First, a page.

Pesellino: The Crucifixion with Saint Jerome and Saint Francis.
Tempera on panel, 1445/1450. Now National Gallery of Art, Washington
Giorgio Vasari's Lives of the Artists
IT IS RARELY WONT to happen that the disciples of the best masters, if they observe their precepts, fail to become very excellent, or, if they do not actually surpass them, at least to equal them and to make themselves in every way like them. For the burning zeal of imitation, with assiduity in studying, has power to make them equal the talent of those who show them the true method of working; wherefore the disciples become such that they afterwards compete with their masters, and even find it easy to outstrip them, because it is always but little labor to add to what has been discovered by others. That this is true is proved by Francesco di Pesello, who imitated the manner of Fra Filippo so well that he would have surpassed him by a long way, if death had not cut him off so prematurely. It is also known that Pesello imitated the manner of Andrea dal Castagno; and he took so much pleasure in counterfeiting animals, of which he kept some of all sorts alive in his house, and made them so lifelike and vivacious, that there was no one in his time who equalled him in this branch of his profession. He worked up to the age of thirty under the discipline of Andrea, learning from him, and became a very good master. Wherefore, having given good proof of his knowledge, he was commissioned by the Signoria of Florence to paint a panel in distemper of the Magi bringing offerings to Christ, which was placed half-way up the staircase of their Palace, and acquired great fame for Pesello, above all because he had made certain portraits therein, including that of Donato Acciaiuoli. In S. Croce, also, in the Chapel of the Cavalcanti, below the Annunciation of Donato, he painted a predella with little figures, containing stories of S. Nicholas.
In the house of the Medici he adorned some panelling very beautifully with animals, and certain coffers with little scenes of jousts on horseback. And in the same house there are seen to this day certain canvases by his hand, representing lions pressing against a grating, which appear absolutely alive; and he made others on the outside, together with one fighting with a serpent; and on another canvas he painted an ox, a fox, and other animals, very animated and vivacious. In the Chapel of the Alessandri, in S. Piero Maggiore, he made four little scenes with little figures of S. Peter, of S. Paul, of S. Zanobi restoring to life the son of the widow, and of S. Benedict. In S. Maria Maggiore in the same city of Florence, in the Chapel of the Orlandini, he made a Madonna and two other very beautiful figures. For the children of the Company of S. Giorgio he painted a Crucifix, S. Jerome, and S. Francis; and he made an Annunciation on a panel in the Church of S. Giorgio. In the Church of S. Jacopo at Pistoia he painted a Trinity, S. Zeno, and S. James; and throughout the houses of citizens in Florence there are many pictures, both round and square, by the hand of the same man.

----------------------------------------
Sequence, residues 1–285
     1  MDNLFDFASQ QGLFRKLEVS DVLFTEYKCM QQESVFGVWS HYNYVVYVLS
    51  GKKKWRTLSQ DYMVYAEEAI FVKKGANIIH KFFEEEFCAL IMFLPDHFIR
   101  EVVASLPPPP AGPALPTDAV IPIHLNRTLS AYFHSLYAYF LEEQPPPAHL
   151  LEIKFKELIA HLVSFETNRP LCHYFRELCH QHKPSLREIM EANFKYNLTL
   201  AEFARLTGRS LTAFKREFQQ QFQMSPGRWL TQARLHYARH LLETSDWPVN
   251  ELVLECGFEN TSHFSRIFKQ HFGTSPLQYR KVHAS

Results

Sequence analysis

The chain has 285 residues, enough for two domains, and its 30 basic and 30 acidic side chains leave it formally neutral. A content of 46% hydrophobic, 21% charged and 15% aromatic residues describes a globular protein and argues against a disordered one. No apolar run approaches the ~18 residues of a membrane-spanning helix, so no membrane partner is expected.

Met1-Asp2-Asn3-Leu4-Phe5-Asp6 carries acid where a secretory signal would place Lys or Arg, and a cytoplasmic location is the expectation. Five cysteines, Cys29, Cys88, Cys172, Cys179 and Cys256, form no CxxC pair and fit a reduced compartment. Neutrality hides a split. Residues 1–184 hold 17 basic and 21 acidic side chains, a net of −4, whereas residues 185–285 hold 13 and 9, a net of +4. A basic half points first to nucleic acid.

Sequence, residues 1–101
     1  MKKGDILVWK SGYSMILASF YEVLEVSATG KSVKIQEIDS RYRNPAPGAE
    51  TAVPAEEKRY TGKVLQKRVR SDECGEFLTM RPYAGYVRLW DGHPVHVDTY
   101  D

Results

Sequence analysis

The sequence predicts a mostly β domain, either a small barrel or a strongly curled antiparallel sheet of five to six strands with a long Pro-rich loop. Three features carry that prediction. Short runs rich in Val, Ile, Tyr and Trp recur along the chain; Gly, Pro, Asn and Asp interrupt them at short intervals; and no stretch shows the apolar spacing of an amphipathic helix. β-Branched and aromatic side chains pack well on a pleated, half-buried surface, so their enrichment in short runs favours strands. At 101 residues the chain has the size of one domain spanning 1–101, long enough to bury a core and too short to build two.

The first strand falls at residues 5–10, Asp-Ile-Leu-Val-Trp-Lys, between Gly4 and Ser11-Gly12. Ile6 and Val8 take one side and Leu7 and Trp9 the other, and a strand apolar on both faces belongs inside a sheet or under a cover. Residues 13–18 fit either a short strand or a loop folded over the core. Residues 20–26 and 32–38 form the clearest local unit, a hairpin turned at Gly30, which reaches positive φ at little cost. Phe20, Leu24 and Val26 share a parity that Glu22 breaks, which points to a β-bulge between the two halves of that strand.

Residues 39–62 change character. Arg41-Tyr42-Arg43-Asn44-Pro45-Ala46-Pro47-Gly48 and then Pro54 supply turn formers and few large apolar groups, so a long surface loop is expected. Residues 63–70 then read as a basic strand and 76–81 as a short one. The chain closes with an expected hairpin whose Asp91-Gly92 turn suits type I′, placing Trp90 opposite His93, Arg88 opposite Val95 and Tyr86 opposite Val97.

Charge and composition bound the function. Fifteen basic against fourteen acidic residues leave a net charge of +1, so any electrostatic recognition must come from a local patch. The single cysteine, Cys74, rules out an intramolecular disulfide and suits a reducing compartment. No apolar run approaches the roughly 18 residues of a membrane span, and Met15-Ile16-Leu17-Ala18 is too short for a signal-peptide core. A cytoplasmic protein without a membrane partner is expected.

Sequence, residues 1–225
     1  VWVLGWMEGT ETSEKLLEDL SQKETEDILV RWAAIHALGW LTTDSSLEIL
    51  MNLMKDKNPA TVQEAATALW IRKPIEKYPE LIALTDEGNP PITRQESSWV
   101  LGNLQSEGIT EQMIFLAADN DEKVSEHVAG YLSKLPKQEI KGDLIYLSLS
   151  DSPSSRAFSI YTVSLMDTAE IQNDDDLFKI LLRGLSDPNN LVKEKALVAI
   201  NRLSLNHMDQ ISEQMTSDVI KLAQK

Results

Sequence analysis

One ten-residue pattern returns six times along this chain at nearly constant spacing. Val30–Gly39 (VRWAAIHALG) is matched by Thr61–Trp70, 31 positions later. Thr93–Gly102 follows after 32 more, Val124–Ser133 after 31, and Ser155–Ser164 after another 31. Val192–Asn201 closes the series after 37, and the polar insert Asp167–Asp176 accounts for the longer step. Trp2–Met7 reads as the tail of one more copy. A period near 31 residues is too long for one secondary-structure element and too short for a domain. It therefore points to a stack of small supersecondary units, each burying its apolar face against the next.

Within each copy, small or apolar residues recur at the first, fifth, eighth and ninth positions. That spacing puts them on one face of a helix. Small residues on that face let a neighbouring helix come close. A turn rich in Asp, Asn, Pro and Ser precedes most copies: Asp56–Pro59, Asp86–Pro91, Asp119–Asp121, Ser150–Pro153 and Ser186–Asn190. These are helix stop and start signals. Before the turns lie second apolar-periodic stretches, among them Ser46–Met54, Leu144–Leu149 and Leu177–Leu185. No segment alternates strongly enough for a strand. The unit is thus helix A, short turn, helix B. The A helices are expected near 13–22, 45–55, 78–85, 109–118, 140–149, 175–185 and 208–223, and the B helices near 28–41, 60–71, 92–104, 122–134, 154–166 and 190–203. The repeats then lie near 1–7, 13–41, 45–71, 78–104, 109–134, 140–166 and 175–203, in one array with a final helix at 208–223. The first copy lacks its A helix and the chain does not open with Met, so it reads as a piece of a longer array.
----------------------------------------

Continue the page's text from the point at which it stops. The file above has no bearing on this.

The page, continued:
Pesello was a temperate and gentle person; and whenever it was in his power to assist his friends, he would do it very lovingly and willingly. He married young, and had a son named Francesco, known as Pesellino, who became a painter, following very closely in the steps of Fra Filippo. From what is known of this man, it is clear that if he had lived longer he would have done much more than he did, for he was a zealous student of his art, and would draw all day and night without ceasing. In the Chapel of the Noviciate in S. Croce, below the panel by Fra Filippo, there is still seen a most marvellous predella with little figures, which appear to be by the hand of Fra Filippo. He made many little pictures with small figures throughout Florence, where, having acquired a great name, he died at the age of thirty-one; to the great grief of Pesello, who followed him after no long time, at the age of seventy-seven.